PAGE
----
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Home Knowledge Center Wellness Library foscarnet

foscarnet

Pronunciation: fos KAR net

Brand: Foscavir

What is the most important information I should know about foscarnet?

What is the most important information I should know about foscarnet?

Foscarnet can harm your kidneys. This effect is increased when you also use certain other medicines, including: antivirals, chemotherapy, injected antibiotics, medicine for bowel disorders, medicine to prevent organ transplant rejection, injectable osteoporosis medication, and some pain or arthritis medicines (including aspirin, Tylenol, Advil, and Aleve).

Your kidney function and electrolytes (potassium, sodium, magnesium, phosphorus) will need to be tested often.

Injecting foscarnet too fast can cause dangerous or unwanted side effects.

What is foscarnet?

What is foscarnet?

Foscarnet is an antiviral medicine that prevents certain viruses from multiplying in your body.

Foscarnet is used to treat cytomegalovirus (CMV) retinitis in people with AIDS.

Foscarnet is also used to treat herpes simplex virus (HSV) in people with a weak immune system. Foscarnet is usually given for HSV after other antiviral medications have been tried without successful treatment.

Foscarnet is not a cure for CMV or HSV, and your virus may progress during or after treatment.

Foscarnet may also be used for purposes not listed in this medication guide.

What should I discuss with my health care provider before using foscarnet?

What should I discuss with my health care provider before using foscarnet?

You should not use foscarnet if you are allergic to it.

To make sure foscarnet is safe for you, tell your doctor if you have:

  • kidney disease;
  • heart disease, heart rhythm disorder;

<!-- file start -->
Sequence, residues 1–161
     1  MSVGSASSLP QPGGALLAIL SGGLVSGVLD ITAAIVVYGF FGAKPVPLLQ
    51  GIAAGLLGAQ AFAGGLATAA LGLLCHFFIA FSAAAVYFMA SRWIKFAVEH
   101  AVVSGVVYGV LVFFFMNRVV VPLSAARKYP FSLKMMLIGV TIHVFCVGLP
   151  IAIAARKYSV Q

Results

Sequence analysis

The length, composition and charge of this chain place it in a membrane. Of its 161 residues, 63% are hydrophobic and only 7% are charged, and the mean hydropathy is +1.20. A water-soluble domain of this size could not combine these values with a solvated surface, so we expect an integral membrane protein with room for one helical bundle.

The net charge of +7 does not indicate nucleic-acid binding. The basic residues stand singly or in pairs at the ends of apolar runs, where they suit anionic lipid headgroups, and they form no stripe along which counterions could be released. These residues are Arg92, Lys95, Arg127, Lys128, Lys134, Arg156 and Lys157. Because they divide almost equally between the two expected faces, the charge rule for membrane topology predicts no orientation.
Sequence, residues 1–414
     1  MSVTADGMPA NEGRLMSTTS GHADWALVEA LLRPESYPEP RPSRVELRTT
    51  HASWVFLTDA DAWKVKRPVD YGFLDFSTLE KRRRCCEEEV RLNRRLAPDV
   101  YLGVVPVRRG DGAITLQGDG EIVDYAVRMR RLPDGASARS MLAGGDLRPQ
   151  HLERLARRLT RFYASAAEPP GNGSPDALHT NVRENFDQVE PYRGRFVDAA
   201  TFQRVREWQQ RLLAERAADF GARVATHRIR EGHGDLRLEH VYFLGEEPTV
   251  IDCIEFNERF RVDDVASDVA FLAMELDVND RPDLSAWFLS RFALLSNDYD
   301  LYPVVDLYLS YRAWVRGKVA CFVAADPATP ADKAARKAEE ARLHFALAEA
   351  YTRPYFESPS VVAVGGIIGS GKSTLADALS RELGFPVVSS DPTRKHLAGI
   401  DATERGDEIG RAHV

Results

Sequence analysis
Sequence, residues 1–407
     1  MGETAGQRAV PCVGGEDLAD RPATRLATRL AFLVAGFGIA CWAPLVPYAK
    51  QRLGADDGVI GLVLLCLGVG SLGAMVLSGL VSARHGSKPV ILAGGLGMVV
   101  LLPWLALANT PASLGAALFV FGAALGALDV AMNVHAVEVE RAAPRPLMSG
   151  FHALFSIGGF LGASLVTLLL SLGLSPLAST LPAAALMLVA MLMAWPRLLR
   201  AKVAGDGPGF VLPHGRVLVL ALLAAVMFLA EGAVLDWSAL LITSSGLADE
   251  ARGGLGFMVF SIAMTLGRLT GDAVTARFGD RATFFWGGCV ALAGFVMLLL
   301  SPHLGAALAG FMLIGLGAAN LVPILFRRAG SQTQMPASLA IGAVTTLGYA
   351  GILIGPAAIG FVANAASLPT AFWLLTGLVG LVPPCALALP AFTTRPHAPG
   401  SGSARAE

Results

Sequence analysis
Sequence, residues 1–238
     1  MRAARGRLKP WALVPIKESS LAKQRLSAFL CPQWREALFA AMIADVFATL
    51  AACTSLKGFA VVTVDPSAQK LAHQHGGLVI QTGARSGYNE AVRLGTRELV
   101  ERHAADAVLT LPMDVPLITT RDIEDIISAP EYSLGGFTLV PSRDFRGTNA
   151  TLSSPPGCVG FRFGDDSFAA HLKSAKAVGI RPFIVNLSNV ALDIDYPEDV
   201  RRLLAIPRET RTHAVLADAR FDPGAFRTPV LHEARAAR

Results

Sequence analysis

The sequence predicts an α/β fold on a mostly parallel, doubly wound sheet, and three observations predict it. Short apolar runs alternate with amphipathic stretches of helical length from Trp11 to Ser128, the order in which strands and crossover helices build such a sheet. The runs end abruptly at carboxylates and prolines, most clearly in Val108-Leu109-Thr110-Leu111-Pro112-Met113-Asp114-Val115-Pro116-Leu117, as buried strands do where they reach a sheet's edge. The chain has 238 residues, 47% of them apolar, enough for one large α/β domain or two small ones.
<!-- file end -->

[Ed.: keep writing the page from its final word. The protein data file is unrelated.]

• personal or family history of long QT syndrome;
  • an electrolyte imbalance (such as low levels of calcium, potassium, or magnesium in your blood);
  • epilepsy or other seizure disorder; or
  • if you are on a low salt diet.

It is not known whether this medicine will harm an unborn baby. Tell your doctor if you are pregnant or plan to become pregnant.

It is not known whether foscarnet passes into breast milk or if it could harm a nursing baby. You should not breast-feed while using this medicine.

How is foscarnet given?

How is foscarnet given?

Follow all directions on your prescription label. Your doctor may occasionally change your dose. Do not use this medicine in larger or smaller amounts or for longer than recommended.

Foscarnet is injected into a vein through an IV using an infusion pump. The medicine enters the body through a catheter placed into the vein. A healthcare provider will show you how to use an infusion pump. Do not self-inject foscarnet if you do not understand how to give the injection and properly dispose of used needles, IV tubing, and other items used to inject the medicine.

You may also be given IV fluids to keep you from getting dehydrated.

You may need to mix foscarnet with a liquid (diluent) before using it. If you are using the injections at home, be sure you understand how to properly mix and store the medicine. Do not give foscarnet with other medicines in the same IV line.

Foscarnet should be clear and colorless. Gently shake the medicine if appears to have separated. Do not use the medicine if it has changed colors or has particles in it. Call your pharmacist for new medicine.

The medicine must be injected slowly and can take up to 2 hours to complete. Injecting foscarnet too fast can cause dangerous or unwanted side effects.

Foscarnet is usually given for 2 to 3 weeks. Follow your doctor's dosing instructions very carefully.

While using foscarnet, your kidney function and electrolytes (potassium, sodium, magnesium, phosphorus) will need to be tested often, and you may also need regular eye exams.

Store foscarnet at room temperature away from very hot or very cold temperature.

What happens if I miss a dose?

What happens if I miss a dose?

Call your doctor for instructions if you miss a dose of foscarnet.

What happens if I overdose?